At 8:37 p.o. (post-Obama) the Phillies will finally have a shot to close out the World Series in a mad three-inning dash.
The city isn’t ready to talk about the possibilities that lie on the other side of those three innings yet, so let’s talk about all the good breaks Philadelphia has gotten in the last few days (the bad breaks have been well-documented).
First of all, the full day off on Tuesday was a good thing for the city. We needed it. It gave us time to get all that anger out. Had the game been played finished last night, fans would have brought way too much venom into the park, and that’s never a good atmosphere for success.
The rainout last night allowed Philadelphia to digest the situation and realize its team is just three innings away from history. Three innings away from unburdening the city of the “World’s Biggest Loser” sash it has worn around its neck since 1983.
Second, the Philadelphia fan’s reputation has improved nationally.
In the need for a prime time game and the desire to not interrupt “House,” Philly fans were treated like trash by MLB and Fox—forced to sit and watch Cole Hamels throw fastball after fastball in a vertical tsunami.
The Phillies as a team caught a terrible break too. They lost their ace, they lost a run that should never have been scored, and they lost a significant home-field advantage for those last few innings that were played.
But there were no riots in Philadelphia. There was no looting or car-flipping. There was no battery tossing or Bud Selig threatening (well, not in front of any cameras).
Sure, the media will still talk about throwing snowballs at Santa, because it’s an easy storyline. But many national personalities saw the real Philly fans this week. Many watched as Philadelphia took one on the chin and turned the other cheek.
Maybe this city is finally growing up. I’m so proud.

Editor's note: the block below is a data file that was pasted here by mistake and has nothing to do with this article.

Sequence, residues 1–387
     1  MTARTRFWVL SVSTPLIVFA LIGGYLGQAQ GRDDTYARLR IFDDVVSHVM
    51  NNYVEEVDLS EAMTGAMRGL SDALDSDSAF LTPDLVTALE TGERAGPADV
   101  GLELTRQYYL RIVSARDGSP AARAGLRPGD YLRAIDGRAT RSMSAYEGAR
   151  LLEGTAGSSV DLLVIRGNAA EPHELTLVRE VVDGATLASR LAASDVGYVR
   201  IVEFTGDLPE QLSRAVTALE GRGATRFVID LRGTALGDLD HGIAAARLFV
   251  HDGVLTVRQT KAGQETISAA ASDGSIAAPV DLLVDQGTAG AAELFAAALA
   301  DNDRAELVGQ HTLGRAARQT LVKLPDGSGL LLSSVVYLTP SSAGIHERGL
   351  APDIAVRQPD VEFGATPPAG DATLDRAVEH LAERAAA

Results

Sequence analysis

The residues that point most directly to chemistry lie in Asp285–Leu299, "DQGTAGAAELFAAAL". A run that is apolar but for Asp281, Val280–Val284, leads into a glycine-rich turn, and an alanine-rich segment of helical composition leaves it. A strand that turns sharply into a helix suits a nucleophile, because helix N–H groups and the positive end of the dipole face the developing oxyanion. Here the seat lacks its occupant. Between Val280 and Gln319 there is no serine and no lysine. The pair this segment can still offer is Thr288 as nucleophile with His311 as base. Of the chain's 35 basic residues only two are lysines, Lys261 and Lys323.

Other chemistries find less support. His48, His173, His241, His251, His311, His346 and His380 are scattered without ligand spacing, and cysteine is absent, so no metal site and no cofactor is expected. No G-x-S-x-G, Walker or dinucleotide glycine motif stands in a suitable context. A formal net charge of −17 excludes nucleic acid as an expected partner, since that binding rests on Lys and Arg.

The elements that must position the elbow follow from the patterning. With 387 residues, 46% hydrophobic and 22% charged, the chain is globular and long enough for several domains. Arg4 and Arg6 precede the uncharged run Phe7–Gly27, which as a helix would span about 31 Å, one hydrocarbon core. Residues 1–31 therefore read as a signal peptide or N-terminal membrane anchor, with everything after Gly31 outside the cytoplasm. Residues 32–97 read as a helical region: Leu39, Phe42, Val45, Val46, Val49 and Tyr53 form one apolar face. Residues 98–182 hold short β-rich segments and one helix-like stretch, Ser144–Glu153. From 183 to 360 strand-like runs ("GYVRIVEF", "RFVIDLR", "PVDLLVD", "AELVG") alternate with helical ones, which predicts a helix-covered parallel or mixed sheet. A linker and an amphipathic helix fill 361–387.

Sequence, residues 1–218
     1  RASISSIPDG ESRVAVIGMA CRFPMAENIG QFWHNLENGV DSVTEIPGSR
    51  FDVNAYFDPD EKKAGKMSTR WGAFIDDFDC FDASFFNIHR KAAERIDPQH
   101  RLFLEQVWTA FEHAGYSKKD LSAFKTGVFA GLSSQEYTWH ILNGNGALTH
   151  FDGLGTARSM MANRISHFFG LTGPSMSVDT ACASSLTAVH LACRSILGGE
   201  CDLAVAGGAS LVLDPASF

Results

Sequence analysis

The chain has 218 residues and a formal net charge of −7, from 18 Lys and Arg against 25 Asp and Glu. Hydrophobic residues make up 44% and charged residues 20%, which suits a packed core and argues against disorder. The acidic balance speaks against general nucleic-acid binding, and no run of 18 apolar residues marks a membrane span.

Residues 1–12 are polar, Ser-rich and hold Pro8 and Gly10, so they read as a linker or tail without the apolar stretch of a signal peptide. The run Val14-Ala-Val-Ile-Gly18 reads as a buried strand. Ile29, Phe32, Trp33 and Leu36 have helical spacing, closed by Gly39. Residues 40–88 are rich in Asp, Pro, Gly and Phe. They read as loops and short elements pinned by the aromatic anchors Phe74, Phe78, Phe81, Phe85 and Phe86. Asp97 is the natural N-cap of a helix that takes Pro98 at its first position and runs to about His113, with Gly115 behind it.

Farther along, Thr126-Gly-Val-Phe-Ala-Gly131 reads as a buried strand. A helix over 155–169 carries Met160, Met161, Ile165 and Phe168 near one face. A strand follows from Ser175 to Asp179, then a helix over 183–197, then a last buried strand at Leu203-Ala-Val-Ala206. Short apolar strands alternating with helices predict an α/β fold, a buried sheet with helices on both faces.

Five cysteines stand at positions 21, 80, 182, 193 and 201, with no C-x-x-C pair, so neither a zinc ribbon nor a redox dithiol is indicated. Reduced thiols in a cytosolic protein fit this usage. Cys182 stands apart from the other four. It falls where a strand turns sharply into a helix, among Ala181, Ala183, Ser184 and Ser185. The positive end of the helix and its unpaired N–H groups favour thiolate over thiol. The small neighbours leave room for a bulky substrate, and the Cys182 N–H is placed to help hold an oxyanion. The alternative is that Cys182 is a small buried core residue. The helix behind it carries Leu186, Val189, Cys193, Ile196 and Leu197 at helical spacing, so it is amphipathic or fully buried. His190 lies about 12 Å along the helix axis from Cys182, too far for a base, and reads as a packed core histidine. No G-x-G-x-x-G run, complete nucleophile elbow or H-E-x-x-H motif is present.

Another plus for Philly: fans finally got some time to sleep. Nothing messes with your REM cycle more than playoff baseball. Pile that marathon Saturday night and that Monday night debacle on top of the regular stresses of October ball and the anxiety becomes downright unbearable.
I went to bed at 8:30 p.m. last night. It was the first time I was asleep before 2:00 a.m. since grade school. (Yea, I don’t sleep much. Let’s just all agree I “have issues” and move on.)
I’ll venture to bet I wasn’t the only one who went to bed early last night in this city. I know it was a big deal for Fox to get “House” on the air last night, but if you find me someone in Philly who was awake for Fox’s highest-rated show, he/she will be the first.
The entire city hit the hay early, and today Philly fans are back. Recharged, refocused, and ready to explode when pinch hitter (Jenkins/Coste), Jimmy Rollins, and Jayson Werth come to the plate against Grant Ball-four or perhaps J.P. Howell.
(No way David Price “starts” this game unless Maddon double switches. The pitcher’s spot is up fourth for the Rays in the top of the seventh.)
Want another advantage to this truncation? You do? Great, I got one.
If you’re of the drinking kind (and most of the Phaithful are), Aramark has decided that today’s game is a “new event” for concessions. Which means the beer cutoff will not occur until seven more innings are played.
Everything’s coming up Millhouse Philadelphia.
And of course the Phils still have all of the advantages I mentioned in yesterday’s post. They have a better bullpen than the Rays, a better lineup than the Rays, and three more outs than the Rays.
They have 50,000 insane, reenergized fans, all piling into the Bank, dying for the opportunity to witness bedlam.
They have 1 million Phanatics throughout the city, stalking Broad Street, preparing to pounce on the biggest celebration Philadelphia has ever seen.
And they have 4 million more fans gathering around television sets, sometimes three generations at a clip, all on the edge of their seats anticipating a moment 100 seasons in the making.
If this team can beat the Rays in three innings…this town will be celebrating for three years.
It’s so close we can taste it.
Will this be the game?
Will this be the day?
Will this be the team?
I had a dream last night that Broad Street had turned into Bourbon Street. That the city’s citizens overflowed the town’s center street with red and white ecstasy. That October 29 in Philadelphia put Mardi Gras in New Orleans to shame.
Was it just a dream or was it something more?
I’ll tell you in three innings.
Email me at firstname.lastname@example.org; follow me on Twitter at twitter.com/leerussakoff.
The opinions expressed are solely those of the author and do not necessarily reflect the views of Comcast.